5 things revealed in the film ‘Homecoming: Marina Abramović and her children’

5 things revealed in the film ‘Homecoming: Marina Abramović and her children’
Image: Manfred Werner / Tsui via Wikimedia

20 August 2020

A new film on the life and legacy of Serbian performance artist Marina Abramović is now available to watch at the Sarajevo Film Festival. Directed by Boris Miljković, Homecoming: Marina Abramović and Her Children is an overview of the artist’s work, her childhood in Belgrade, and her later life. The Calvert Journal dug into the surprising facts the film reveals about the “grandmother of performance art”.


There is an entire school of young artists reenacting her performances

The film has two storylines — one follows Abramovic and her life story, while the other focuses on the Marina Abramović Institute, which organises workshops where young performance artists push the limits of their bodies by reenacting her performances. Abramović explains that, for her, giving the artworks to the world is like letting children grow — hence the title of the film.

She hated communist Yugoslavia

“I come from a dark place, Tito’s Yugoslavia,” Abramović says at the beginning of the film. “Everything was somehow second-hand in Belgrade. Whatever you did, there was a feeling of oppression and a little depression.” She also talks about the “perpetual shortages” that characterised the communist era.

Still from ‘Homecoming: Marina Abramović and her children’
Still from ‘Homecoming: Marina Abramović and her children’
Still from ‘Homecoming: Marina Abramović and her children’
Still from ‘Homecoming: Marina Abramović and her children’

She had a troubled relationship with her mother

The artist had an overbearing mother. Even during her last year at university, Abramović had to return home by 10pm, and her mother checked her phone calls and her mail. After one of her shows in which she performed naked in a museum, her mother assaulted her, throwing a glass ashtray at her head, and compared her to a “prostitute”.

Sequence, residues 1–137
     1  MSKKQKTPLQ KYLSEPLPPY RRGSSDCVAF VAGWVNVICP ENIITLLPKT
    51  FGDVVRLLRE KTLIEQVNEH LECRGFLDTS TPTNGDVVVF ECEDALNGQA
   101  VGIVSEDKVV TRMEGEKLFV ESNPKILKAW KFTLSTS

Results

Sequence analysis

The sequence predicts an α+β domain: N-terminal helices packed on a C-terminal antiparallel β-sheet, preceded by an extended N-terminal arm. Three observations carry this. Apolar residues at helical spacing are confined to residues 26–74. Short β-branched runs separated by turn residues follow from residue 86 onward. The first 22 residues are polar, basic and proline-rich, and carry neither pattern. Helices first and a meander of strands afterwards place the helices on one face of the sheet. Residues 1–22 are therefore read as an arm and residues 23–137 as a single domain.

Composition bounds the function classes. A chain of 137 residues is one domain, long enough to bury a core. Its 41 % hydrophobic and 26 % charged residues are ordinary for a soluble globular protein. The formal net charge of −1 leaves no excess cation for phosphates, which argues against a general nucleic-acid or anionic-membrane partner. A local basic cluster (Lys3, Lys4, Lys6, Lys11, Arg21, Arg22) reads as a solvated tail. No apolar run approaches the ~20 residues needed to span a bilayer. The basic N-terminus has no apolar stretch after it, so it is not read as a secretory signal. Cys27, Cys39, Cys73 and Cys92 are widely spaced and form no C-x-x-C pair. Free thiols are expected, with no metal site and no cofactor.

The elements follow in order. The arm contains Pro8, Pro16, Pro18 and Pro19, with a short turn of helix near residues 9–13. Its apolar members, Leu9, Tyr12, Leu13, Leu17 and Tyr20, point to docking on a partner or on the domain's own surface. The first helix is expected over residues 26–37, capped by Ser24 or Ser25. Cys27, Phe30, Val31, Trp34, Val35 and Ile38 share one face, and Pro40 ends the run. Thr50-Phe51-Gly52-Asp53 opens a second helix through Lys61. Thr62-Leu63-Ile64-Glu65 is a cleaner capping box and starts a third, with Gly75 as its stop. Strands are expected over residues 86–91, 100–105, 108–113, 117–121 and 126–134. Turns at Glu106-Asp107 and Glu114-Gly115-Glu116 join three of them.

She never wanted children

For Abramovic, children always felt like a “terrible trap”. “All I really wanted was to be free,” she says in the film. She also mentions having had three abortions.

In their plans for their performance The Lovers, whereby Abramović and Ulay walked from opposite ends of the Great Wall of China in 1988, the couple wanted to get married at the end.

Conceiving the performance eight years before they realised it, Abramović and Ulay planned to get married on the Great Wall of China, as they walked towards each other, from two different ends of the wall. In reality, over those eight years, they grew apart. Instead of getting married, the couple broke up, taking different flights to Amsterdam, and not seeing each other again for 22 years, until their legendary meeting at the premiere of her performance The Artist Is Present at MoMA in New York.

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